One more thing: After making those comments, why would you come back the next day and soften your stance with follow-up comments about the importance of sabermetrics, how you used them in Cleveland and still use them now?
You'll tell me that you were asked a question about it, so you answered the question. You should have brushed the question off. You made it even worse by saying, "That's not the reason Ackley was having issues at home plate."
Well, what is it then? And why did you bring sabermetrics up in the first place if it weren't having some sort of impact on Ackley?
This is a classic case of a manager having rabbit ears. Why would you go out of your way to irritate and blame seamheads? I would never want to go as deep into the game as they do, but I respect those guys, and correct me if I'm wrong, but isn't Athletics GM Billy Beane the king of seamheads? Look at what he does year after year.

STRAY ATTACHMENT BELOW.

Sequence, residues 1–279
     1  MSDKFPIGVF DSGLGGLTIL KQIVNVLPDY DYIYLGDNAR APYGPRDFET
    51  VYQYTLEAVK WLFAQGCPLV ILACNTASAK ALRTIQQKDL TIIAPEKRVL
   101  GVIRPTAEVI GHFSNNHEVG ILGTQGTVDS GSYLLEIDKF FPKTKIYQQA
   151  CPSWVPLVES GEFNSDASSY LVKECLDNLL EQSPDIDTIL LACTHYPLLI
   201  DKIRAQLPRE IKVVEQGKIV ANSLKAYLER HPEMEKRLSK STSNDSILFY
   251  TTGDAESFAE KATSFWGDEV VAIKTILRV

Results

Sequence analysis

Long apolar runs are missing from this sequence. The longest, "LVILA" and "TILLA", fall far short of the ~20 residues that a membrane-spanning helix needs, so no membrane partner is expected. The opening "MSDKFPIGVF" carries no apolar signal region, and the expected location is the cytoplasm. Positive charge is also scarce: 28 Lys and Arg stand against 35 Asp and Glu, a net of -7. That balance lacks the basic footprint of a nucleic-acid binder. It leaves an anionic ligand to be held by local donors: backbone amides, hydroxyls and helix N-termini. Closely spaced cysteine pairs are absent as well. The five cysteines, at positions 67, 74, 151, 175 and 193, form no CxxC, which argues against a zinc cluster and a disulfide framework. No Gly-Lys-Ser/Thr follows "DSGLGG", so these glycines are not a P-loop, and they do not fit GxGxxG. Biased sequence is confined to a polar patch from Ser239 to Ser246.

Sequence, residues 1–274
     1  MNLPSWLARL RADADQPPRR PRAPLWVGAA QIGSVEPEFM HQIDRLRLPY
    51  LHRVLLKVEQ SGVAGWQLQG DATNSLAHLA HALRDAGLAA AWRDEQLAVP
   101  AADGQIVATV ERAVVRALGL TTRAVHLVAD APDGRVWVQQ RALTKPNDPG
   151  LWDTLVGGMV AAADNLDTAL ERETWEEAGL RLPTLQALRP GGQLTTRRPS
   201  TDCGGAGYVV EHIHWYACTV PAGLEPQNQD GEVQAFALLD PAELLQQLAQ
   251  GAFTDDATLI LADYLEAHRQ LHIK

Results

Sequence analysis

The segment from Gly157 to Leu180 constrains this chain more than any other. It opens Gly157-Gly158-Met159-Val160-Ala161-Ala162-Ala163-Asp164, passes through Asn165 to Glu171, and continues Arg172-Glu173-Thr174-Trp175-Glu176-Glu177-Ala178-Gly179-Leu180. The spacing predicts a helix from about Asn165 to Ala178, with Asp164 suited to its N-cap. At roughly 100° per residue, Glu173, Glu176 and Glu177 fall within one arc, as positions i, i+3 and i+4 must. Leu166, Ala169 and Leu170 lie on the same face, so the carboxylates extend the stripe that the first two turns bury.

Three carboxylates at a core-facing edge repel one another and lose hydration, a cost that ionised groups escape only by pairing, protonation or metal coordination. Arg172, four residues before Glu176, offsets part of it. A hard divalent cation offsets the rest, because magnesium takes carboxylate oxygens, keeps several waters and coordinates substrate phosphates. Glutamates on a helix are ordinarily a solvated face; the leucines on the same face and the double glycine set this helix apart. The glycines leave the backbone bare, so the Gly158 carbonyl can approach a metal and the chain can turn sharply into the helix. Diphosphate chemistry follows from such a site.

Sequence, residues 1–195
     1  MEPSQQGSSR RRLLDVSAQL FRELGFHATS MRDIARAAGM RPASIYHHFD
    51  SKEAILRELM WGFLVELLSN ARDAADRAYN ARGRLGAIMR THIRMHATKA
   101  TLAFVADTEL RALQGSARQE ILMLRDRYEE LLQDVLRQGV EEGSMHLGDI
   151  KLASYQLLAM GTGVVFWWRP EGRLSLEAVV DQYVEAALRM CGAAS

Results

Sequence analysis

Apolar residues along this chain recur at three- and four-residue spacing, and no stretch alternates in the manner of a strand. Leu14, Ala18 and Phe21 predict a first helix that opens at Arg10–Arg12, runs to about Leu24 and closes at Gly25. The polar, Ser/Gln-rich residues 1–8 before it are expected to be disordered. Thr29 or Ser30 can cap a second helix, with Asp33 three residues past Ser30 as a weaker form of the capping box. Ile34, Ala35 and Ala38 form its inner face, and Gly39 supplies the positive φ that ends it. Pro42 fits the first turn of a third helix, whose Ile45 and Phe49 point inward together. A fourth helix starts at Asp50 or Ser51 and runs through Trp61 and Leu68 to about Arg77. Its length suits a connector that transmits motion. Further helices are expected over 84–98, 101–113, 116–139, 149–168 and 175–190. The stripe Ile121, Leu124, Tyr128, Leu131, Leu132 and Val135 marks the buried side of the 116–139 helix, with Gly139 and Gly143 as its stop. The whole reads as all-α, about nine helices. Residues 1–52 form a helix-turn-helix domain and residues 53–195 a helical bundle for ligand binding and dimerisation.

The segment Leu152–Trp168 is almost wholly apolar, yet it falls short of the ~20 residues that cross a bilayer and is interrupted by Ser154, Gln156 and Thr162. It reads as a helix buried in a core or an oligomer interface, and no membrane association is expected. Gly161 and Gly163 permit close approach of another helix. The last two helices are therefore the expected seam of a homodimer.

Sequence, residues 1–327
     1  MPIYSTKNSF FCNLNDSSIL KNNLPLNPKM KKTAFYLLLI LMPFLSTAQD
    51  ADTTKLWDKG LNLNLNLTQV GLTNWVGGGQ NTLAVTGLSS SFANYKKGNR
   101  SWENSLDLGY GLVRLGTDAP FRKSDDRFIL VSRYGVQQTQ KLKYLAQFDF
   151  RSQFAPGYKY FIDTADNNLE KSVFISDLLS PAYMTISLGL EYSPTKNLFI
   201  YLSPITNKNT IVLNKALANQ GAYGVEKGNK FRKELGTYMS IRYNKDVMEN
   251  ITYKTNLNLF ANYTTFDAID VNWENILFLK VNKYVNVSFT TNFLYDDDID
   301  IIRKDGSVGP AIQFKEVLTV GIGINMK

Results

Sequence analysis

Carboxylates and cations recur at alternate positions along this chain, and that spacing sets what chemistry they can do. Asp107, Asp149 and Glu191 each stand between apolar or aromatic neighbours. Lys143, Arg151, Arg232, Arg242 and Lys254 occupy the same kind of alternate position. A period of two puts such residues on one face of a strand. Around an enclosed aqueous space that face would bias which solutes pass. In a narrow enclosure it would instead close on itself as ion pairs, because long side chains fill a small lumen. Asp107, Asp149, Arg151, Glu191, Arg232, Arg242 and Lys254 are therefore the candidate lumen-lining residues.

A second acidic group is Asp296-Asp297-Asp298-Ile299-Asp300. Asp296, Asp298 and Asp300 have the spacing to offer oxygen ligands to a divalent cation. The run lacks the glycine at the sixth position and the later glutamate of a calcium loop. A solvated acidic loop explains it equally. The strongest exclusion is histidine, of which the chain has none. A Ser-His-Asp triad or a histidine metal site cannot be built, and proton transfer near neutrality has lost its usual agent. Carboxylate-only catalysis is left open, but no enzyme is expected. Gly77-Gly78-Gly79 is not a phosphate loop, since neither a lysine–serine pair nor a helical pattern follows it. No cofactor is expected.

The A's, with a roster that isn't that much better than the Mariners', are 31-24 to your team's record of 23-31, Eric.
I'm still going to support you. I think I'd like playing for you. I cut you slack because I don't think the best manager in baseball could win consistently with the lineup you're forced to go with night after night.
But give the seamheads a break.
Bonneville Media encourages site users to express their opinions by posting comments. Our goal is to maintain a civil dialogue in which readers feel comfortable. At times, the comments can descend to personal attacks. Please do not engage in such behavior. We encourage your thoughtful comments which: have a positive and constructive tone, are on topic, are respectful toward others and their opinions. Bonneville reserves the right to remove comments which do not conform to these criteria.